Tuesday, April 6, 2010

Torn Between Two Recipes… (Roast chicken with asparagus, fontina, and tomatoes)

After you’ve been cooking for yourself for awhile, you’ll start to notice flavors and flavor combinations that you especially like. You’ll find yourself collecting recipes that mirror those likes. Since you like them so much, they’re pleasurable – and since they’re similar, it occasionally starts blending together.

If you remember from back over on The Naked Vine, on one of our New Year’s Eves, the Sweet Partner in Crime went nuts with Giuliano Hazan’s “Every Night Italian.” We worked our way through great chunks of that cookbook, and there were two recipes we really liked: “Grilled chicken breast stuffed with asparagus and fontina” and “Chicken Breast Fillets Rolled with Pancetta, Rosemary, and Sage.”

When we went to the store, we ended up getting a mishmash of ingredients. We did get the chicken breasts, but we ended up with prosciutto instead of pancetta, asparagus, fontina, and some random grape tomatoes.
IMG_0694First off, the actual recipe called for wrapping these things up and grilling. But two things prevented that: 1) I was tired and wanted no part of the grill that night, and 2) the chicken breasts, even after butterflying, were not easily rolled with the stuffing. Since everything was falling out anyway, we made two major adjustments: 1) cooking the chicken on stove instead of on the grill and 2) not rolling ingredients into cooked chicken....just putting everything on top instead.

Anyway, sans grill, we cooked the chicken in about 1 T of oil until slightly brown, about 3-4 minutes per side, adding the prosciutto halfway through. We then essentially braised the chicken and prosciutto (with lid on) in 3/4 cup of white wine until more or less done (about 10-15 minutes). At that point, all the wine had cooked off or cooked into the chicken (yummy). We also "pre-cooked" the asparagus in a skillet on high heat with a cup of water and salt for 4-5 minutes, then drained it. We added the cheese, asparagus and tomatoes to the chicken and put the whole thing under the broiler for about 3-5 minutes.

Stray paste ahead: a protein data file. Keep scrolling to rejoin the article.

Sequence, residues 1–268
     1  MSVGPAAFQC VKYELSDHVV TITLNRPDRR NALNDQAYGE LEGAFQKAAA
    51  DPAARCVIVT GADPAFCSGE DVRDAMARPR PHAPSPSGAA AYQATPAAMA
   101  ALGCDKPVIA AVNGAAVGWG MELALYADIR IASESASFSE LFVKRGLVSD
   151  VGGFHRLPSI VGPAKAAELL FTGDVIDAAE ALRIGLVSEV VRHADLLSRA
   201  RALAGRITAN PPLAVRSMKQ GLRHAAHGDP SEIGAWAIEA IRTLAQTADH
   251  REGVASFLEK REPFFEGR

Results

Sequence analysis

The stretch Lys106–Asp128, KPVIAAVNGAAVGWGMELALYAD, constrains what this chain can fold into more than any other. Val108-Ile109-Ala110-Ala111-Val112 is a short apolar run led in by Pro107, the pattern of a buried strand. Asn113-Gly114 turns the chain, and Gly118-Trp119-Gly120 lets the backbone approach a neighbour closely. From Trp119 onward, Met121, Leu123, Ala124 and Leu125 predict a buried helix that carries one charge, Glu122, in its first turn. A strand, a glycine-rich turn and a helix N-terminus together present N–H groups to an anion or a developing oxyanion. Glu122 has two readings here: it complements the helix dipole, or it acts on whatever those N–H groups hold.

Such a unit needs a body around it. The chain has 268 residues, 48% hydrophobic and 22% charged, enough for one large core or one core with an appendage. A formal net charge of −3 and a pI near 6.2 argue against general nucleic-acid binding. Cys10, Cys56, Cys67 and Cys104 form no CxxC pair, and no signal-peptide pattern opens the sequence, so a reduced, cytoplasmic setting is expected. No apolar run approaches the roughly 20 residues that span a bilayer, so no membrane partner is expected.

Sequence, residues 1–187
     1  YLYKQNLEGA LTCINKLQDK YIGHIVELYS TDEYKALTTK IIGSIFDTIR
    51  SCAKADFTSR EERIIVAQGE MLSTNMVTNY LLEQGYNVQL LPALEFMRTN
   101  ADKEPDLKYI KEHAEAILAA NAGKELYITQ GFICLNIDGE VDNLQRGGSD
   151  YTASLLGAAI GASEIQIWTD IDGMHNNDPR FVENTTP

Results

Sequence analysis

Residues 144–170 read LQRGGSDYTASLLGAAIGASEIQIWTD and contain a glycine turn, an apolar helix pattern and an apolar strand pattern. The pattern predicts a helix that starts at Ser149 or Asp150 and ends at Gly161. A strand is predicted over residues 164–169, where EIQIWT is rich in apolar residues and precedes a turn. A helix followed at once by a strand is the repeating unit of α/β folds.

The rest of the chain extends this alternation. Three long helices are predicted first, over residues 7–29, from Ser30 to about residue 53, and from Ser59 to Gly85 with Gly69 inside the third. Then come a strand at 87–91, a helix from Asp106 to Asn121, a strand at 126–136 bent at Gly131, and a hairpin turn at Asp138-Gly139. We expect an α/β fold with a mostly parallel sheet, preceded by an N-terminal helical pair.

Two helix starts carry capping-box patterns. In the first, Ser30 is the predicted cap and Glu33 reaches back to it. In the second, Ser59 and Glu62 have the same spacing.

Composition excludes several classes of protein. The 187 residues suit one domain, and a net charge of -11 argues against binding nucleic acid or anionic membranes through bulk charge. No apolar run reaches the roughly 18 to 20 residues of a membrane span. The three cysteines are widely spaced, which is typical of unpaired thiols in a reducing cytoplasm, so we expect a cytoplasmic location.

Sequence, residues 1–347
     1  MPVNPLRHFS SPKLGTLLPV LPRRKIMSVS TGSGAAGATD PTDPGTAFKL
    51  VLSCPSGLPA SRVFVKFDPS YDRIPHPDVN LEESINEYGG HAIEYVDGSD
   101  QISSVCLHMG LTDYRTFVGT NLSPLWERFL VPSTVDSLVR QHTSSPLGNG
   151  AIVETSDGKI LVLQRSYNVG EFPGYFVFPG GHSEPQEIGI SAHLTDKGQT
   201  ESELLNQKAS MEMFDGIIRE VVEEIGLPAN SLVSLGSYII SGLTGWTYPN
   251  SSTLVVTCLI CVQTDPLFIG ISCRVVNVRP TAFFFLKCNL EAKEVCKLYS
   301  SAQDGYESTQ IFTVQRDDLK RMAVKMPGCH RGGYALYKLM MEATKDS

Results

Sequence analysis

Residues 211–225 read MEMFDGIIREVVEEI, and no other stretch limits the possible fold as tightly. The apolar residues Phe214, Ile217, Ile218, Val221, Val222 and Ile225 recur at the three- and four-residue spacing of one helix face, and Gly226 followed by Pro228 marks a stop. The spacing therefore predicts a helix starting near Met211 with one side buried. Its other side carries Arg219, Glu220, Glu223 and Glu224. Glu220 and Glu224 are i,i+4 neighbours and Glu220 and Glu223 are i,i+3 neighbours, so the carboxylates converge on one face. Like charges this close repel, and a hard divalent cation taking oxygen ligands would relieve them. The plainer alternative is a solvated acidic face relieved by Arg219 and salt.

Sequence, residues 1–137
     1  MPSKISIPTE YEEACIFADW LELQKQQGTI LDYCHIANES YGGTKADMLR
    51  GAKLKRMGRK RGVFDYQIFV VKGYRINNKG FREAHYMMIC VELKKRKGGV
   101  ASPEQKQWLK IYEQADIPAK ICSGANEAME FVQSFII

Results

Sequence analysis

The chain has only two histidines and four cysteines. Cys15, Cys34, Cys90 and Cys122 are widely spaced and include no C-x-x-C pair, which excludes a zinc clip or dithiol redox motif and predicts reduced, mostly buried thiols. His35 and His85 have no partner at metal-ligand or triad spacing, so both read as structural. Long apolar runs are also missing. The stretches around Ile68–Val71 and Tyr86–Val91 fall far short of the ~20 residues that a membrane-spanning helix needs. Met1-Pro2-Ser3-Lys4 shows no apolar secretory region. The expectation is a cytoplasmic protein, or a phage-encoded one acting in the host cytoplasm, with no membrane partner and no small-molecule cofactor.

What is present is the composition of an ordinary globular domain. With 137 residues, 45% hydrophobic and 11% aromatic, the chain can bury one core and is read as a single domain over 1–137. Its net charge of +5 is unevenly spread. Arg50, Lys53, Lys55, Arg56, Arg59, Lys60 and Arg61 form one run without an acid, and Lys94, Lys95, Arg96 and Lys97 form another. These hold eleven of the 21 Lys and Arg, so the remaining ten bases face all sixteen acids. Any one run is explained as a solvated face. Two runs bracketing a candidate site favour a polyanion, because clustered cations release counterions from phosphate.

If you're following this recipe, at this point, take it out and check for done-ness.
If it’s done, then plate it up, crack a bottle of light Italian red, and go to town.

The moral of this story isn’t that you need to make sure you have every ingredient you need clearly listed when you head to the store. It’s that when you start to figure out the tastes you like, you can grab things you like (in our case, chicken, tomatoes, asparagus) and cobble something together that both looks and tastes good when you’re pressed for time. Whether you’ve had a tiring day at the office or made a last minute dinner invite, trust what you like and you won’t go wrong.

(Many thanks to the SPinC for some corrections to the recipe.)

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